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Japan PM Kishida’s support plunges amid stale ideas, LDP scandals: ‘he’s on autopilot’

Japan PM Kishida’s support plunges amid stale ideas, LDP scandals: ‘he’s on autopilot’


A series of new polls have put the support rate for Japanese Prime Minister Fumio Kishida at record lows, with analysts suggesting he has missed the chance to call a snap general election that might have bolstered his reign.

Now, they suggest, he is unlikely to be able to cling onto power until the vote for the head of the ruling Liberal Democratic Party (LDP) next autumn, with some media outlets already speculating as to his successor.

A poll published by the conservative-leaning Yomiuri newspaper on Tuesday indicated Kishida’s support had slumped to a “dangerously low” 24 per cent, the lowest since the LDP was re-elected in 2012 and significantly below the 28 per cent support rate for his immediate predecessor, Yoshihide Suga, shortly before his resignation in October 2021.

Kishida’s standing was even worse in two other polls published on Monday, one by Jiji Press and another by the Mainichi Shimbun, both of which put him on a mere 21 per cent public support rate. That figure was down 4 percentage points from the last poll, in mid-October, while the disapproval rate for the cabinet stood at 74 per cent, up 6 percentage points.

Japan’s Kishida suffers fresh setback as ruling party loses special election

It is all a far cry from figures in the high-60s when Kishida was named prime minister just over two years ago, said Koichi Nakano, a professor of political science at Tokyo’s Sophia University.

“A lot of Kishida’s earlier support was a reaction to [Shinzo] Abe and Suga, who ruled effectively together for a long time as strongmen and even as bullies, so initially there was a sigh of relief from Japanese people as Kishida is much less aggressive in how he communicates and his policies,” Nakano said.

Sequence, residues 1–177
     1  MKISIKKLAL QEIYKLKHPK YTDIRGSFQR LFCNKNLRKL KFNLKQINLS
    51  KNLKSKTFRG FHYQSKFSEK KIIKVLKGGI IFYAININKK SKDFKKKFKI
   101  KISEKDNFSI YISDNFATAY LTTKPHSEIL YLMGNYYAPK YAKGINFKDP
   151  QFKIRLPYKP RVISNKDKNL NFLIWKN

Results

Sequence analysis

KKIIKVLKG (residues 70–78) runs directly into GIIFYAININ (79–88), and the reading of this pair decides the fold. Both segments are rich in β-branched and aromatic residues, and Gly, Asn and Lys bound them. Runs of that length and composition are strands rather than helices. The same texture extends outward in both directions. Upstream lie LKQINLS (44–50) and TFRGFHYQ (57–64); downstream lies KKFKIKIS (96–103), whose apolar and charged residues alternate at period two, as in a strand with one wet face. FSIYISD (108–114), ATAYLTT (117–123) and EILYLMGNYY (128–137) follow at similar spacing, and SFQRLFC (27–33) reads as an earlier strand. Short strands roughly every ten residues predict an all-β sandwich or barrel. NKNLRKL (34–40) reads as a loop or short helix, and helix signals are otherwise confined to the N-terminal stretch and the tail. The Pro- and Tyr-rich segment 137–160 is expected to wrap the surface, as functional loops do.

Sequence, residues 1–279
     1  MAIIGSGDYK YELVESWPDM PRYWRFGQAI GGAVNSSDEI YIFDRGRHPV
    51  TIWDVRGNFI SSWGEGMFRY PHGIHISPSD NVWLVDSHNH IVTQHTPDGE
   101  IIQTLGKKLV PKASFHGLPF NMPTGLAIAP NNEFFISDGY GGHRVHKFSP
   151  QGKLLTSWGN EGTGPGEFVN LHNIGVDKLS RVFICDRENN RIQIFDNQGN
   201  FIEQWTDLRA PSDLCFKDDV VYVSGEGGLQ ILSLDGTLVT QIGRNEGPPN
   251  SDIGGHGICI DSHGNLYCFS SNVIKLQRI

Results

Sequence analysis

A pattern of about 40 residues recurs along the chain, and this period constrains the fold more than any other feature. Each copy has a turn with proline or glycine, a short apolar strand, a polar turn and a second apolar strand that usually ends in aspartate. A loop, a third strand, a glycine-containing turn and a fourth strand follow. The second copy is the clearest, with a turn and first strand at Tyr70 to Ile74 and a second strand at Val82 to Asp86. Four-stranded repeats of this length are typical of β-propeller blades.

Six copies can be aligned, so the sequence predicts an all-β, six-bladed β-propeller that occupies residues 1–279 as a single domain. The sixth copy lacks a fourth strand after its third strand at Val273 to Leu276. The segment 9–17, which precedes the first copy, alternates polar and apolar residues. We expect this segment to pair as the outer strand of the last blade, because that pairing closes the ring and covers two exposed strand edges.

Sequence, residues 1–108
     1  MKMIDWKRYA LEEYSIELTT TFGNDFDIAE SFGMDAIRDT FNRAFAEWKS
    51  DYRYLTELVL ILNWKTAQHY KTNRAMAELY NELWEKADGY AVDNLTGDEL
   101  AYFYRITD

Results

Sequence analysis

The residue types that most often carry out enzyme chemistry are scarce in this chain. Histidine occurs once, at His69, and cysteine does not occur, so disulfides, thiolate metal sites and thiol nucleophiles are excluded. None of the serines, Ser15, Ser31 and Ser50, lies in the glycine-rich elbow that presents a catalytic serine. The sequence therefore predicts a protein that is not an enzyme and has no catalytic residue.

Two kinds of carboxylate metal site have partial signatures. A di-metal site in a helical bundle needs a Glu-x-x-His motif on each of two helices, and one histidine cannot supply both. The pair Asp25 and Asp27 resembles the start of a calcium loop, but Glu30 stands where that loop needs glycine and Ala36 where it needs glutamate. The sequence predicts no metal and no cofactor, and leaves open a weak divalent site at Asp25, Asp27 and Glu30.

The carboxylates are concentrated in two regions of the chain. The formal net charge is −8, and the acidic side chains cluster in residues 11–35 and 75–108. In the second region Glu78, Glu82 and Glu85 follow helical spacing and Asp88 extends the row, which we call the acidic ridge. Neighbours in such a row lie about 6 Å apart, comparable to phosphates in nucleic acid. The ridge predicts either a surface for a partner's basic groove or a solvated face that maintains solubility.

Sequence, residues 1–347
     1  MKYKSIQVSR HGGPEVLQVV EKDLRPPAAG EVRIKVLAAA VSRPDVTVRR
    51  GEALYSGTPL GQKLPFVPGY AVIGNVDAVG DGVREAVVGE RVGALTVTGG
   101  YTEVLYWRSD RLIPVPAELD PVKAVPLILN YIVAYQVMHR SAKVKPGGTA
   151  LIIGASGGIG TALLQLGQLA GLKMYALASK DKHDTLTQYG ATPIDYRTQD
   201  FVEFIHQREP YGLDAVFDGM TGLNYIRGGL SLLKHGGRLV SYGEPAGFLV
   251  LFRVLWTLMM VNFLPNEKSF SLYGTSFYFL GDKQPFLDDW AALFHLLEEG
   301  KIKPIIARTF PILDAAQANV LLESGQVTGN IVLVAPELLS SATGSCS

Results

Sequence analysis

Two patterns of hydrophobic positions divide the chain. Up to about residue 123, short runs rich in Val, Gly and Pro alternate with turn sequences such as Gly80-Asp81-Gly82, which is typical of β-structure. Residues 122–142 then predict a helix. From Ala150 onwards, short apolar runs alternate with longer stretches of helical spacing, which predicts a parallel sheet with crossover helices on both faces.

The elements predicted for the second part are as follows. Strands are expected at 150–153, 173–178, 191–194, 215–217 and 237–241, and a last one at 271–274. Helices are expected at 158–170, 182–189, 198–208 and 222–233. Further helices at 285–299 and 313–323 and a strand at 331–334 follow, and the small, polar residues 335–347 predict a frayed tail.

That optimism soon turned to disappointment, however, as Kishida effectively adopted the security and economic policies of his predecessors and appeared to have no fresh policy ideas.

“The feeling then was that if Kishida did not have his own agenda, he was on autopilot following earlier policy lines and his only intention was to stay in power for as long as possible,” Nakano said.

Japanese Prime Minister Fumio Kishida makes a stump speech in Saikai, Nagasaki Prefecture, on October 15 ahead of a House of Representatives by-election on October 22. Photo: Kyodo

The public and the LDP were also unimpressed at his repeated hints that he would call a snap general election, seeing it as merely a tactic to stay in power.

Kishida, a centrist, has also managed to antagonise the party’s powerful right-wing, which was previously largely kept in check by Abe, until he was killed in July last year while election campaigning. “The right is getting restless and Kishida has become destabilised by Abe’s absence,” Nakano said.

And with arch-conservatives vying for the title of Abe’s political heir, Kishida is an easy target for policies that they consider overly liberal, such as legislation passed earlier this year designed to promote understanding of LGBTQ issues.